Bottom Line Up Front: Exercising without planning will lead to less than ideal results. The framework exercise program offers the minimum structure while giving maximum flexibility to the athlete to execute their strength and conditioning plan.
In my last post, I discussed the concept of training vs working out. I introduced the concept of a framework-based program, which will allow you to have flexibility in your program yet keep you on an actual program instead of just stringing together random workouts. In yet another earlier post, I went into great detail highlighting how you could develop your own strength and conditioning program. It is a very detailed look at constructing something for yourself. While this article gets into nitty gritty, you can still apply the lessons of this post to that article to developing your framework. In fact, halfway through the post, it shows the framework (the general plan) before moving on to the specifics. If you care a lot about program design, read the post and return to this one. It gets nerdy. Email me questions or post in the comments.
What is the Framework Program?
The framework program is a happy medium between having a very specific program detailing sets, reps, weights, times, etc. and one with no planning at all (having no program).
Below is an example of a workout from a very specific 12-week program written by Kevin Cann for an olympic lifter. This is one workout in a program of multiple months with a clear endstate in mind. Each workout and each week build on the previous.
Day 1 (week of 2/1)
2 sec Pause Squat 50%x5, 60%x5, 70% 5×5 (35)
Bench w/ Slingshot 65% x3, 75% x3, 85% x2, 90% 2×2, 95% 3×1 (13)
Squats 50%x5, 60%x5, 70% 5×4 (30)
DB OHP 4×8
* See the full program at RobbWolf.com
The opposite of this would be waking up each day with no idea what you are going to do. You feel good, you do a long run. You happen to look at your bike in the garage, you ride it. It is raining, you lift weights. What exercises do you do? How many reps or sets? Whatever you feel like. Rains again, lift weights again. You see this is a lot of exercise but there aren’t any objectives, goals, or planning involved.
In my experience, there are people who want to be told exactly what to do and they will do it. There are others who are less regimented who like the idea of making daily decisions on what they will do. This is OK except it is probably not optimal for making progress. With a few tweaks, you can develop a framework to guide you. Best of both worlds!
Setting Up a Framework
You can choose to be real loose with your framework or a little more specific based on your goals. For a detailed discussion on all of this, refer to the previously mentioned post on program design. But for a more general look, here are some steps to setting up a framework.
Define Your Time. What is your available time to train? Do you have a regular schedule? Let’s say you do and it’s 4 days per week (Mon, Tues, Thur, Fri).
Define Your Goals. What are you trying to achieve with your exercise program? Are you interesting in General Physical Preparedness (GPP)? I think most of us should be. But you could also have a goal of being a great distance runner (yuck) or as strong as possible or as muscular as possible. Let’s say it’s GPP because it’s the right answer.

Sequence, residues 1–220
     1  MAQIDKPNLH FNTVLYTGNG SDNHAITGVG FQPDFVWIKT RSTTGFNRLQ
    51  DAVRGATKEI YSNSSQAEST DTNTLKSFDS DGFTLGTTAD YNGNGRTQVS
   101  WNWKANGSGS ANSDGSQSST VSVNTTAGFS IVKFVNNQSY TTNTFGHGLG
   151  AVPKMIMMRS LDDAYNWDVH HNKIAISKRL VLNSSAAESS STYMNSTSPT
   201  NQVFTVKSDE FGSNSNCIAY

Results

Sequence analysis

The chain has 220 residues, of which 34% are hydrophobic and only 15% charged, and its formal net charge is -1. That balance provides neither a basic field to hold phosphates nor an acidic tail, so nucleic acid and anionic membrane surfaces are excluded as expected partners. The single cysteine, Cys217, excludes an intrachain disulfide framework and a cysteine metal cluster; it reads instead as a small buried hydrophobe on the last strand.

Structure Your General Outline. For a 4-day per week GPP focus, here is an example general framework:
Monday: Cardiovascular Endurance
Thursday: Muscular Endurance
You could just stop here and you’d be at the basic framework level. You could do no more planning than this and have some semblance of a program. You have a goal to be well-rounded and you are accomplishing that by training diverse components of fitness.
Add Some Meat to the Frame. You can move a few steps closer to a specific program with some more guidance in your program like this:
Monday: Cardiovascular Endurance. 20-40 minute run, row, bike, or swim. You pick the time and method each workout.
Tuesday: Strength. 5 sets of 5 repetitions for one Squat (ex. back squat) movement, Push (ex. overhead press) movement, Pull (ex. pull-ups) movement, and Hinge (ex. deadlift) movement. You pick the movements each workout.
Thursday: Muscular Endurance. 15-30 minute increasing rep ladder of one Squat movement and Pull movement one week then one Push and Hinge movement the next week. You pick the time and movements each workout.
Friday: Speed. 10-20 rounds of 1:1 work to rest ratio sprint intervals (ex. 20 seconds of sprinting then 20 second of resting) on rower, bike or running. You pick the number of intervals, length of intervals, and method each workout.
Add More Meat to the Frame to Tolerance. At this point you can further add to the frame all the way until it gets too specific for you and loses its flexibility. You can add additional work to each session like weighted carries (you should) or further define the movement types, the times, and the modalities. Most people would be fine just getting to the previous “some meat” stage. Remember you can change this up and should periodically. Just make a new general outline and add meat to the frame based on your goals, interests (try something new), or schedule. Good luck developing your framework. Post questions below. I will be happy to assist in your framework development.
QUESTION: How specific do you like your training program to be? Post thoughts to comments.